Monday, September 19, 2011

Pre-pub jitters

Today I received this Facebook message from one of my most darling friends:

"So at what point in the next 8 days will you not be able to sleep out of the stress of your book release? I just want to know so I can text you at 2am if you're up anyway. :):-)"

Without batting an eye, I replied:

"It's sort of low-key, actually... I don't have a book-release party (which kind of bums me out, honestly), the radio interviews are at about a one-a-day rate, the next book is going well, etc. On the 27th the book will be released, and then poof, it will just be on shelves and I'll sit at my computer and obsessively monitor sales at Amazon's Author Central."

Unfortunately, I'm what you could call a "highly suggestible person." I once went on a six-month organic-food obsession, way back when you could buy such things only at specialized grocery stores for ghastly amounts of money, while I was completely broke, because a random woman at a child's playgroup shot me a scornful look for mentioning that I bought conventional. On another occasion of note, I joined the LDS Church after I saw a Mormon woman I respected reading "The Diaries of Sylvia Plath." Hey, I love Sylvia Plath too! Sign me up!

Maybe I'm simplifying that last one just a bit, but the story is still true. And so all my dear friend E. had to do was ask if I was feeling nervous at all, and after denying it with an honest heart, I went on to send my editor and agent separate anxiety-ridden emails about every aspect of my book's release.

Part of this is my own fault. Just last night I was telling another dear friend, L., that I would feel like I had won at life if I ever made the New York Times bestseller list and saw my book on the shelves at Target. C'mon, who wouldn't? I'm the self-aggrandizing bastard who posted the video for "Centerfield" on Facebook the day I (finally) got a literary agent. I suppose I was feeling scrappy after my reply to E., because I decided take a look at the NYT list of trade paperback fiction to size up the competition.

That wasn't my brightest move. This is the stuff of which a dozen John Hughes films are made-- the scrawny and awkward teenager peeking into the locker room, or the cafeteria, or the gym while Prom is in full swing, and blanching pure white at the sight of all those tanned, buff, beautiful people who have actually completed puberty and are clothed in designer labels. After reading down that list-- The Help, Room, The Girl with the Dragon Tattoo, Water for Elephants, Little Bee, etc, etc-- I closed out the tab, shut my laptop, and retreated to the pantry to find the Mallomars my aunt sent me last week.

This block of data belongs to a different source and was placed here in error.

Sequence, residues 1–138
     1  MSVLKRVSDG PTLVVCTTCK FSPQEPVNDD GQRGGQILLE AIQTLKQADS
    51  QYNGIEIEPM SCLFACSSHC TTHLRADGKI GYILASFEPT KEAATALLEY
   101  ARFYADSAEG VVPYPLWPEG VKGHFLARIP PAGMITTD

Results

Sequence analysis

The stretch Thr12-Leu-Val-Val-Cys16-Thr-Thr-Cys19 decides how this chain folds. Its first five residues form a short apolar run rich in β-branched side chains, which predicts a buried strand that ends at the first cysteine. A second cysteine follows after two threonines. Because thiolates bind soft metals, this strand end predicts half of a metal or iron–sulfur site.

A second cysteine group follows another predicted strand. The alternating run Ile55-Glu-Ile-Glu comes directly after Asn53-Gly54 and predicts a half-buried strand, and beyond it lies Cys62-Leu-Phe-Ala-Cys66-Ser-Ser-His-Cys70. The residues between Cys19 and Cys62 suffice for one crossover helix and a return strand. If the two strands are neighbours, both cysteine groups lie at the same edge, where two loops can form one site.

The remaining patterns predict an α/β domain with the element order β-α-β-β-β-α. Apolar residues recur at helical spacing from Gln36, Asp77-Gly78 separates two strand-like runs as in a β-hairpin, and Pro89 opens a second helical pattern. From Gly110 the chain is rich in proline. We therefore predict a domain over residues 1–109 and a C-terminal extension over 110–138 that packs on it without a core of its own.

The book will be out in eight days. I have no idea whether I'll ever be a New York Times bestselling author, or a for-sale-at-Target author, but come what may, I'll be an author. It's already been a hell of a ride-- more amazing than I ever hoped for. I have so many stories left to write, and that's the point of it all-- not the sales numbers, not travel or recognition, but the opportunity to write stories and share them with lots and lots of people.

If you see me weeping at Target, pat me on the shoulder and remind me about that.

Sunday, September 18, 2011

It's cancer, not a football game

Recently one of my friends sent me a link to this article about the death of Jack Layton, Canadian Leader of the Opposition, from cancer. She knew the focus of the article is a subject close to my heart: the way our society is fond of describing cancer as a "battle" that we "fight" and hopefully "win" rather than "lose." I can't remember a time when I didn't hate this conceit with all my heart, and this week it's a subject that is especially dear to me.

In The Kingdom of Childhood, Judy is mourning the death of her best-- and perhaps only-- friend from cancer. At one point she visits Bobbie's grave, and recalls a time when her hospitalized friend is told she's putting up a great fight. I'm not fighting anything, Bobbie snaps. I'm not winning. I'm not losing. I just lie here and it fucks me up. It's cancer, not a football game.

That's not in the story by accident. When I was 14, I lost my 11-year-old sister to cancer. She had been sick for three years, and I always felt uneasy, and sometimes downright disgusted, with the language of war that was inflicted on the poor kid. Heidi didn't seem to mind, and I can't speak for her-- maybe she found it inspiring, I don't know. What I do know is that cancer is a disease of cell mutation, not an assessment of one's character. Sure, we want to keep people's spirits up. We don't want them to feel passive and helpless in dealing with a daunting illness. I get all that. But when we use battle language for a medical condition, telling kids (especially!) that they're strong enough to beat this thing, to fight it-- they're going to win! They're going to show cancer who's boss!-- it puts a tremendous burden on the children themselves. It gives the treatment plan an overtone of being about the child's own effort, their will to live, their character. God help anyone who tries to tell me my sister "lost her battle" with cancer. She didn't lose a damn thing. She died of a disease.

Now, I don't think there's anything wrong with people calling themselves "survivors" of cancer or anything else. It's perfectly rational to note that you have survived a circumstance that others did not; my sister, for example, is not a cancer survivor. And I don't get all scrappy over the low-level use of "fighting" to describe trying to get over an illness; it's a reasonable verb to describe what the immune system does. What I object to is the flogging of the metaphor.